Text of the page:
He was a classical music expert. While dad never played an instrument himself, he was an avid listener of classical radio.  He even did a college radio show in his early years with Robert J Lurtzimer (of Boston Classical Music radio fame).  He had specific musicians he really liked, and orchestral versions of pieces, and would always recommend to me certain composers and recordings.  Dad was also a huge collector of music – we would take trips to Tower records in Boston for recordings of my classical pieces for college.  Dad was especially fond of Sousa marches, and had a whole collection of different versions.  He loved it when my performances ended with a good Sousa march!

He was a devotee of Chinese traditional medicine.  As someone who had multiple health issues, Dad had an acupuncturist he met with regularly, as well as a herbalist in Boston.  For someone so rooted in Western ways of communication, he had a strong belief in the powers of Eastern medicine.  It was a gift to me when he helped me find my own acupuncturist who helped with my health issues.  Dad was thrilled when I minored in Mandarin Chinese in college – he was always asking me to read the labels on his medicine bottles (I couldn’t – too complicated!)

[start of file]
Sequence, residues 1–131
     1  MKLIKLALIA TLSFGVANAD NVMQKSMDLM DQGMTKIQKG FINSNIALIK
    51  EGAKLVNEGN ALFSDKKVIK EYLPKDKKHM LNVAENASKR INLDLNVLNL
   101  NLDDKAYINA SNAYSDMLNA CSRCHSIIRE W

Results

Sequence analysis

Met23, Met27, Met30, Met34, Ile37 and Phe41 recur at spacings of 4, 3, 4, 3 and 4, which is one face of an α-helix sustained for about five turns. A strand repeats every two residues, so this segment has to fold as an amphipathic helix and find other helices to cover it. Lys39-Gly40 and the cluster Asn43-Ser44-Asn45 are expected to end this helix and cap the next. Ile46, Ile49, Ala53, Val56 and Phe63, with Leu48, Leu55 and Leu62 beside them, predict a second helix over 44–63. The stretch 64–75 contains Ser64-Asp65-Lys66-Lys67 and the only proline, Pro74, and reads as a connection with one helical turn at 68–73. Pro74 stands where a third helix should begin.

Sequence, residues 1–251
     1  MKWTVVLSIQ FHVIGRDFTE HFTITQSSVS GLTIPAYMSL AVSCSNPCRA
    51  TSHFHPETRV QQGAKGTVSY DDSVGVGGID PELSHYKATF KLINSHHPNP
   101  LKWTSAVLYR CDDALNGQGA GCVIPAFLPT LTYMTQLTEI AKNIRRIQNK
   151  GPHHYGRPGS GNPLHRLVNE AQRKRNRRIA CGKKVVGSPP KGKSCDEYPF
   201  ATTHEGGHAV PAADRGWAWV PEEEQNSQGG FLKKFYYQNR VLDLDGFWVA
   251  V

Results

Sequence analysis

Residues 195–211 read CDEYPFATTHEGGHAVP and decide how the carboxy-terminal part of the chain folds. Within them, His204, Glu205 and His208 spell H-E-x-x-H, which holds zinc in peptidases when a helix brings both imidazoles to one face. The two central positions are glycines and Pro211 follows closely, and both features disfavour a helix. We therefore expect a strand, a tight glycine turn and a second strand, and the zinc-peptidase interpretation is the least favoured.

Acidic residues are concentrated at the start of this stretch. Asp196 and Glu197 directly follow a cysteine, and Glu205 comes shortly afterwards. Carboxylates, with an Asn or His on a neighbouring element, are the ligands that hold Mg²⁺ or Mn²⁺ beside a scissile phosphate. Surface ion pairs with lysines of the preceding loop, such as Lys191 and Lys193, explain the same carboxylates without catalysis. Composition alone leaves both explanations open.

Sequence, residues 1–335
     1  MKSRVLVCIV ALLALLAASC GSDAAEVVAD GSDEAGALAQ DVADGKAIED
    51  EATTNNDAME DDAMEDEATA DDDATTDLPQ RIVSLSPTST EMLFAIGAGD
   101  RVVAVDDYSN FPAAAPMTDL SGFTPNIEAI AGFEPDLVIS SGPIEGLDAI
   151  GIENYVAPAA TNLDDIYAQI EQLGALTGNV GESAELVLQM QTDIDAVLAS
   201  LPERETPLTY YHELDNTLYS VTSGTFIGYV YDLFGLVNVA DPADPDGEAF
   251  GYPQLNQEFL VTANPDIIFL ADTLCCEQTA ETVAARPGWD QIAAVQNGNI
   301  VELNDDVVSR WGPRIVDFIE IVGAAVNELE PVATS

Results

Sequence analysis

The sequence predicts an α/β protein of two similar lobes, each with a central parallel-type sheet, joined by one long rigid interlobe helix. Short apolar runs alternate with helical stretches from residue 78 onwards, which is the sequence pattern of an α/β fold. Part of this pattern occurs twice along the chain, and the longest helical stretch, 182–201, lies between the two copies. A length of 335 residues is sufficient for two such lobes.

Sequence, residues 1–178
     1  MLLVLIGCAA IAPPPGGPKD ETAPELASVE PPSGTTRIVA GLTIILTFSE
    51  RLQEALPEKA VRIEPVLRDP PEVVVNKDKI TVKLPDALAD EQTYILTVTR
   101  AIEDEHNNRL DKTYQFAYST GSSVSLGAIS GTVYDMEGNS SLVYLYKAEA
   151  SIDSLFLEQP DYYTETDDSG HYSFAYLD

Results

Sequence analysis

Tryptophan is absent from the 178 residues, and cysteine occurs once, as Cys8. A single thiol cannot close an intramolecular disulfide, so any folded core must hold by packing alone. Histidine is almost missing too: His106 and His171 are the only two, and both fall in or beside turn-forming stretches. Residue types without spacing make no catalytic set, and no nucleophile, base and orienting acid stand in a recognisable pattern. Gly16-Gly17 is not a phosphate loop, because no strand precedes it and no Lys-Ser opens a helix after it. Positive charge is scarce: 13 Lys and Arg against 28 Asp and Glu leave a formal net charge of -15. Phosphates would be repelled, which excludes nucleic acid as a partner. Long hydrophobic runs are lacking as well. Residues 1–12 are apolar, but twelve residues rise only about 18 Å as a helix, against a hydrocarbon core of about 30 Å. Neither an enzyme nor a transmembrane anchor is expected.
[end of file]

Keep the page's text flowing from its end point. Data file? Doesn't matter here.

Dad loved trying new foods.  He was raised on my grandmother’s homemade pasta and meatballs, but would meet me at college and we would go to a chinese restaurant where he would try all the “weirdest” things on the menu.  He appreciated the stories and culture around the food.

He flew planes.  Dad was a lisenced private pilot – and a proud member of the Experimental Aircraft Association (EAA).  He was a member of the local fly club at the Cranland airport, and volunteered to train kids in flying.  He built a plane with friends.  The plane started in pieces in our garage, hidden from my mom.  Dad helped found a “fly in breakfast” at the airport, where folks would fly in from all over for pancakes and conversation.

Dad traveled.  As a traveling sales rep in New England, he went all over.  Every place had a story.  He would eagerly connect with all these folks every year when he visited.  He knew the best diner in every town,and quirky places to stop and learn about new things special in the area.

I share those specific stories and traits, because of how much they remind me now of how I see the world.  Dad never knew me as a Quaker – but he knew me as an eager student with many interests, a hard worker with many jobs and roles, and a person who loved to learn about other cultures and people and their lives.  The fact that I do this now, when I visit Quaker meetings, is no surprise to me.